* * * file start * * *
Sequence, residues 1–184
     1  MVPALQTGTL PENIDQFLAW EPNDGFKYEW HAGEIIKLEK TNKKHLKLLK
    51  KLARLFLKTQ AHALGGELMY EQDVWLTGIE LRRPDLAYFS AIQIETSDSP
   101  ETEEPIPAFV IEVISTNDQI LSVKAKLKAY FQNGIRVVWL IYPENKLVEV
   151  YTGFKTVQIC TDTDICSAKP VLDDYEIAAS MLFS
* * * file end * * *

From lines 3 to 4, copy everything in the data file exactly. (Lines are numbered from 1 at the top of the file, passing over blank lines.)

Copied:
    51  KLARLFLKTQ AHALGGELMY EQDVWLTGIE LRRPDLAYFS AIQIETSDSP
   101  ETEEPIPAFV IEVISTNDQI LSVKAKLKAY FQNGIRVVWL IYPENKLVEV